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Where is the worst area in Kent for child poverty?

Thanet has the highest proportion of children living in poverty in Kent - despite figures improving more than anywhere else across the county.

Data published today reveal one in three youngsters in the district - a total of 11,500 - are living below the breadline.

But Thanet, at 35%, has seen the highest fall in poverty numbers in Kent in the past year, with a 4% drop compared to 2017/18 levels.

Scroll down to hear from Joe Howes, chief executive of Buttle UK

Figures show 35% of children in Thanet are living in poverty in Thanet
Figures show 35% of children in Thanet are living in poverty in Thanet

The data shows Swale (34%) and Folkestone and Hythe (32%) are the next highest areas.

Medway and Dover (both 30%) and Ashford (29%) are all above the countywide average of 28%, with almost 125,000 children affected across Kent.

Research carried out by the Centre for Research in Social Policy at Loughborough University, and campaign group End Child Poverty, uses a new method said to give a more accurate picture than previous studies.

Charities say they are seeing the impact of poverty across the south east every day.


Joe Howes, chief executive of Buttle UK, said the applications they receive for grants from families requesting help is "heartbreaking", adding: “Children are missing basic essentials - like their own bed to sleep in.

“But we only have the resources to do so much. What we really need at this stage is for all UK political parties to prioritise this issue and work with the voluntary sector.”

Campaigners from End Child Poverty are now calling on politicians and the government to address the crisis through a series of ambitious proposals, including an overhaul to benefits and reforming Universal Credit.

Anna Feuchtwang, chair of End Child Poverty, said: “We know what causes child poverty and we know how to end it.

“We know that the income of less well-off families has been hit by severe real-terms cuts in benefits and by higher housing costs.”

The group wants benefits, including housing support, to be linked to inflation again and make up the real-terms loss as a result of a four-year freeze and lower than inflation increases.

Kent charity Porchlight is blaming political decisions for leaving people with "nowhere to turn" and staff are working with more people than ever before.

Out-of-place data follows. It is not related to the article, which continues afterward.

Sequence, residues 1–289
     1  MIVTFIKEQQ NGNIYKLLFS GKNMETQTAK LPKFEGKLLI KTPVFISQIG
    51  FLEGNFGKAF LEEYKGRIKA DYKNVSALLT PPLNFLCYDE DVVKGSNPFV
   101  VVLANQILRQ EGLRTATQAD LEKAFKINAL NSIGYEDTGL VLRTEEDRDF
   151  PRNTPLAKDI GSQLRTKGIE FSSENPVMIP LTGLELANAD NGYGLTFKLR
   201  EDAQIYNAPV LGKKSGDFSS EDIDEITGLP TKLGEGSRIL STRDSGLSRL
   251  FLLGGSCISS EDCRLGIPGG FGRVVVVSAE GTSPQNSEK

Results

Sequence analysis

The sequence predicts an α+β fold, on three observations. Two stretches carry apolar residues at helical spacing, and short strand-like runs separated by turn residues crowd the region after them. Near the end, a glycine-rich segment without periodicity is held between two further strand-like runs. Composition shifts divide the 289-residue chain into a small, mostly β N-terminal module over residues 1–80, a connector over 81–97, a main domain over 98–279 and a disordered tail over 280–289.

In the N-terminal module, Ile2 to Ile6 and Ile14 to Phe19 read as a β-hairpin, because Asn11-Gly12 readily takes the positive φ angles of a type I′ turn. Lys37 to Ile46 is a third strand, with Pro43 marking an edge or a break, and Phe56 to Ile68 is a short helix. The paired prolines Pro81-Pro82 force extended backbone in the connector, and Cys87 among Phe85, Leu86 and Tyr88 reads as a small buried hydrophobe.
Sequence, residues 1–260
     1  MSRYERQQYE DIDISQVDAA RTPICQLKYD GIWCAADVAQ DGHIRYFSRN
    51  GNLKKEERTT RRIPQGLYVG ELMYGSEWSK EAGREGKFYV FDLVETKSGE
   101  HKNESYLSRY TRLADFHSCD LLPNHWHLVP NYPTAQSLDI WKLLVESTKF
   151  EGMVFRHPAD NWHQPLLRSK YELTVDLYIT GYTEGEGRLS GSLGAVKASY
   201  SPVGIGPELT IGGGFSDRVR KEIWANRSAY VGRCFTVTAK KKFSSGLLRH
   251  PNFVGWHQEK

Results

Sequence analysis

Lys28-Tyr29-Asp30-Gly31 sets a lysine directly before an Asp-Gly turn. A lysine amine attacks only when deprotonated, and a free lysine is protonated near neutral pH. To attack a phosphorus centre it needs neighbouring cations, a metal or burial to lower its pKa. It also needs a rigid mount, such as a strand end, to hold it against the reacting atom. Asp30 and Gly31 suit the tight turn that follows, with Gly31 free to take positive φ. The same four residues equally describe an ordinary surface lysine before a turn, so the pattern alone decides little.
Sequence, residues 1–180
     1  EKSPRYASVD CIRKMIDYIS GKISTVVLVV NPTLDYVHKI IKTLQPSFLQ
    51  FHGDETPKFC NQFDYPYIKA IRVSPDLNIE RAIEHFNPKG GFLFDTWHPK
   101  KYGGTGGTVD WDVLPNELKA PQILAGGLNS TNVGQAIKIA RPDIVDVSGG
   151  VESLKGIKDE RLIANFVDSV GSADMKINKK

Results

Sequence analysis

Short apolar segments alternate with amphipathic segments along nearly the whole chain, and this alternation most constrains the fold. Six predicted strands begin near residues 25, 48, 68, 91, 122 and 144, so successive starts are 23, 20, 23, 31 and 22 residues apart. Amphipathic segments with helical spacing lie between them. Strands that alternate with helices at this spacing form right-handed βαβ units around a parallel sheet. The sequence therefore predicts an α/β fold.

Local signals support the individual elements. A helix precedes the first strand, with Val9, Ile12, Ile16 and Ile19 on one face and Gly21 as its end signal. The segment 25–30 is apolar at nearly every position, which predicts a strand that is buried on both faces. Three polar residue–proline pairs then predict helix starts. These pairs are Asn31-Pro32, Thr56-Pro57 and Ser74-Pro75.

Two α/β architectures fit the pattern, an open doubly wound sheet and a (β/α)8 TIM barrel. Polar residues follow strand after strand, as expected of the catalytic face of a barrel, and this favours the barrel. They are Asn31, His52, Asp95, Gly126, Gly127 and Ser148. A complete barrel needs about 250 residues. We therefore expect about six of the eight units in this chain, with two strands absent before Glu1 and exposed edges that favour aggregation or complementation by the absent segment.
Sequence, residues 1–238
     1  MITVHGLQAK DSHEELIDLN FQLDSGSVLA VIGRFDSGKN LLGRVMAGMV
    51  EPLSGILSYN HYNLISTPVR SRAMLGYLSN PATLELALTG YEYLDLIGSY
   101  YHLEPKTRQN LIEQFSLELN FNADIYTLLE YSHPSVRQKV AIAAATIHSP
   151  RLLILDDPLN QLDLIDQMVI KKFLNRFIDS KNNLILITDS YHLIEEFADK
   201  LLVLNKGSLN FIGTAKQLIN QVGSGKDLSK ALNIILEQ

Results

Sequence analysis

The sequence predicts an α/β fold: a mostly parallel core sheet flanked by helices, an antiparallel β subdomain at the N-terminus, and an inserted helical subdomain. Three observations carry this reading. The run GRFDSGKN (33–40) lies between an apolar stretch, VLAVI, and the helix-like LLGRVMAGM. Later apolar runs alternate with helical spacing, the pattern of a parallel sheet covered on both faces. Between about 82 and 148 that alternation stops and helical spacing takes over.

Chris Thomas, the charity's spokesman, said: "Poverty is a major cause of homelessness.

WATCH: Last year's child poverty figures explained

"We're working with more and more people who are struggling to make ends meet on a daily basis due to a lack of truly affordable housing and changes to benefits that should be helping them get back on their feet.

"We're seeing people who have to choose between feeding their family, heating their home and paying rent. Many are in work but are still unable to afford the basic cost of living.

"People’s lives are being impacted by factors that are completely beyond their control. The government needs to recognise the effects of its political decisions that are removing the social safety nets and leaving so many people with nowhere to turn."

Newington in Ramsgate is recorded as having the highest child poverty rate in the district at 51%.

Cllr Karen Constantine (Lab), who represents the ward at Thanet District Council, says the system is a "vicious circle" with children struggling to break out of poverty.

"My key concern is that kids born into this sort of poverty can't escape it"- Cllr Karen Constantine

She says issues are continuing because of changes to benefits and a "poor labour market" with few jobs available for working women.

"My key concern is that kids born into this sort of poverty can't escape it. You can predict their education, job and even their health outcomes.

"It's a postcode lottery as to where you are born or live, it's not based on talent or abilities.

"This is a result of a decade of austerity. It's a political choice, it can be different."Cllr Constantine says a report looking at social mobility in Thanet and addressing "things that can be done" is due to be published this week.

The coalition defines poverty as families with an income of 60% of the national median.

MP Craig Mackinlay says Universal Credit is "strengthening work incentives"
MP Craig Mackinlay says Universal Credit is "strengthening work incentives"

The level for a couple with one child under 14 - after taking housing costs into account such as rent or mortgage, utilities and insurance payments - is £314 a week (£16,400 a year).

This drops to £204 a week (£10,700 a year) for a single parent and one child, adding £52 per week (£2,700 a year) for every additional child under 14 and £110 per week (£5,700 a year) for every extra child over 14.

Campaigners are urging the government to slash the two child limit for child allowances on tax credits and Universal Credit and pushing to reverse cuts to children’s services and invest more in mental health, education, childcare and social care.

South Thanet MP Craig Mackinlay says the government is working to tackle "the root causes of poverty" adding he believes Universal Credit is "strengthening work incentives".

“We’re all very lucky to live in Thanet, but I’m well aware that some families find it more difficult than others to make ends meet,” he said.

“I appreciate there’s much more progress to be made so we must target support at people who need it, and provide opportunities through work for all.

“Lower income does not necessarily mean the usual understanding of poverty as it is more commonly understood.”

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